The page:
Lucas Janson must have had quite the first impression of life as a Toronto FC player. His first appearance on the BMO Field pitch was to pick up a winners medal for the 2018 Voyageurs Cup on a rare celebratory night at the stadium this past season.
The harsh realities of Toronto FC’s 2018 campaign would quickly catch up with the Argentine, however, as the club only won four more times in the eleven matches in which he played — twelve if you include that godforsaken Campeones Cup match.
Despite all that, the Argentine has made it clear he wants to be back. The feeling appears to be mutual, if TFC can get him at the right price. Toronto FC management are reportedly looking to extend Janson’s loan, as well as lowering the option to buy from a reported $3.7 million should they want to bring him on long term.
Whether or not they can make headway in those negotiations is probably the biggest determining factor as to whether he is back or not next season. However, it is certainly worth the effort, because the 24-year-old Janson is a player who has already proven himself in some tough circumstances.
After all, as mentioned, Toronto FC were already well on the decline when Janson was acquired. A team that was one of the top offensive units through the first three quarters of the season, TFC created only 1.40 expected goals for per game after Janson arrived. Over a full year, that would be good for 18th in the league.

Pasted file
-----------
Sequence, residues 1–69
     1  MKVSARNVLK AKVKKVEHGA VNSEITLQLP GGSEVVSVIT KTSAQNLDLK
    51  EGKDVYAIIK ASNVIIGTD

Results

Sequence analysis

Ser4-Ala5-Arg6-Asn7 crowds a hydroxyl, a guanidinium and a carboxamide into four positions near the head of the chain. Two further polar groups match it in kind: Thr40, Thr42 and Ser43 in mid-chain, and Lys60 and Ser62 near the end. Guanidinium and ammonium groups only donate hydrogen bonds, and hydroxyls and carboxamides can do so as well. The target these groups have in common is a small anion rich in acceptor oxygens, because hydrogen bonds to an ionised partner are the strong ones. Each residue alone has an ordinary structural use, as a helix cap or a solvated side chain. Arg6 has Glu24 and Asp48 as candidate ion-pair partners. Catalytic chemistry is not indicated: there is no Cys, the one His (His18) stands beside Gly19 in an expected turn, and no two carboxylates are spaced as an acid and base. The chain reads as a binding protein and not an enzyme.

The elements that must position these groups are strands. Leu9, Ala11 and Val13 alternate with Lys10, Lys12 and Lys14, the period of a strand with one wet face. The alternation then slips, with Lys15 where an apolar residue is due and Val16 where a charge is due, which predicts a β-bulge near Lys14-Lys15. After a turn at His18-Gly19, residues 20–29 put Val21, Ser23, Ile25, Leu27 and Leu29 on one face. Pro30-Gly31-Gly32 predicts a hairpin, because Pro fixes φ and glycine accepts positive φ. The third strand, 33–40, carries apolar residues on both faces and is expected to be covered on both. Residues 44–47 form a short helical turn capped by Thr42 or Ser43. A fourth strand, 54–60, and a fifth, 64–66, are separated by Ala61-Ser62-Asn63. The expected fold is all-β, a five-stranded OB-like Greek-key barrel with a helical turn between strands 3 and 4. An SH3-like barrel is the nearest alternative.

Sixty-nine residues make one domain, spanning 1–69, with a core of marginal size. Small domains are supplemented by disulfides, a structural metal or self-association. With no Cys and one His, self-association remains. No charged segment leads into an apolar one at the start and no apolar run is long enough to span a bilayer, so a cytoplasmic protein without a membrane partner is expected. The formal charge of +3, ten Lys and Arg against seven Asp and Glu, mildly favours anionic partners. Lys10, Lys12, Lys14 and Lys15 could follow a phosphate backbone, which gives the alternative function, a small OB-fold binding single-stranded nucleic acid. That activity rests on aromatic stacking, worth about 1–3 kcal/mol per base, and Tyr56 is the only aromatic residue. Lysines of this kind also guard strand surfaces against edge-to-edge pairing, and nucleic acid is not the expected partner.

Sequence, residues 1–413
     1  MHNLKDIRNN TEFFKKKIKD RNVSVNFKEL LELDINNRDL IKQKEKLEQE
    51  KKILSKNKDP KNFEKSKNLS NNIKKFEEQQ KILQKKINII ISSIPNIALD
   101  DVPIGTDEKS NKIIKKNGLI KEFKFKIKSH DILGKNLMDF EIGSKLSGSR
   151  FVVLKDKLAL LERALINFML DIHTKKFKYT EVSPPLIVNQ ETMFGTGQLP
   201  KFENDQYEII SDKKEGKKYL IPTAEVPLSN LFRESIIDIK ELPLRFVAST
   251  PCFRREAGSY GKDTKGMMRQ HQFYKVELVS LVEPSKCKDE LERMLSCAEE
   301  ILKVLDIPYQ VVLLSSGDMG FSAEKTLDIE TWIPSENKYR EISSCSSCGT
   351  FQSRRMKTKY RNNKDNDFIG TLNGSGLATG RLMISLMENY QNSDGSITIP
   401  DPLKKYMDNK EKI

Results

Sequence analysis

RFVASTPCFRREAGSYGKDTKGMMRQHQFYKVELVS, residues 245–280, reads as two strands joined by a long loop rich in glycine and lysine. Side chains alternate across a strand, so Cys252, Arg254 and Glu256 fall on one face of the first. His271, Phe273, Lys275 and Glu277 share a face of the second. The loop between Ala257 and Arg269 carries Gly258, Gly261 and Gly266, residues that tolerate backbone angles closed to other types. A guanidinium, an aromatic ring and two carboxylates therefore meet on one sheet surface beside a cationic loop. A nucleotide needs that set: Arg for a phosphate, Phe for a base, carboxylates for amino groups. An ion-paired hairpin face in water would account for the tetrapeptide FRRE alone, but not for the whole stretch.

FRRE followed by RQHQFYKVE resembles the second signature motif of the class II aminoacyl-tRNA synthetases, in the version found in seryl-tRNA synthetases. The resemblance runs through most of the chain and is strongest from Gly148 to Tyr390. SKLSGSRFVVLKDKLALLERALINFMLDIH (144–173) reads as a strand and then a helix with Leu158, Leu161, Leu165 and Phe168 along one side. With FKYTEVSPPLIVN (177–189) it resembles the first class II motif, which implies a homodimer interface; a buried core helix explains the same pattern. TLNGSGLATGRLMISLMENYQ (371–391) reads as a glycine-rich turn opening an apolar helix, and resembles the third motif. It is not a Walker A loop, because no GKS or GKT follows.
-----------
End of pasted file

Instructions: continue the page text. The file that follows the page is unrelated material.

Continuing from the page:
That sounds like it reflects badly on Janson; after all, the team’s attack did decline once he joined the side. But the club were missing Victor Vazquez and Jozy Altidore for many of those matches so it is probably more so context that make his personal numbers look more impressive.
The moment he hit the field with Toronto FC, Janson was a chance creating machine. He averaged 0.62 expected goals + assists per 96 according to American Soccer Analysis, which puts him third on TFC behind only Altidore and Sebastian Giovinco. It’s also the same number as Ignacio Piatti this season.
He mostly did that by creating and taking a lot of shots. The statistics suggest he was a bit unlucky to not have scored more than the four MLS goals (plus two assists) he did for Toronto FC. Among players who played at least 750 MLS minutes, he was actually fourth in the entire league in terms of shots on target per 96, behind only Seba, Zlatan Ibrahimovic, and David Villa, averaging 1.9.
The location of those shots was also impressive. He was ninth in MLS, according to Whoscored, in terms of shots inside the penalty box per 90. He was also first on the team in terms of shots inside the six-yard box.
Sure, Janson should be finishing more of those chances, but the rate at which he produced them suggests he has the potential to be a truly elite player in MLS. He was able to do it even when the team around him was creating very few chances in general.
There is also plenty of potential for him to continue to grow. When Janson was acquired he said he was more a playmaker than a finisher, but was forced to take on the later role as Altidore struggled to stay healthy. He is also a player who in Argentina showed an ability to beat defenders off the dribble, but only attempted 0.5 per game with Toronto FC again likely because he was usually the furthest player forward.
There are certainly some questions as to where Janson would fit going forward with both Altidore and Giovinco healthy and in the lineup, but he does have flexibility. He could come in off the bench, playing behind them when Vazquez is unavailable or even play out wide.
Ultimately, Toronto FC will have a lot of moving on to do if they want to step back into the MLS elite in 2018. But if the club is able to make it add up financially, Lucas Janson is definitely worth keeping around.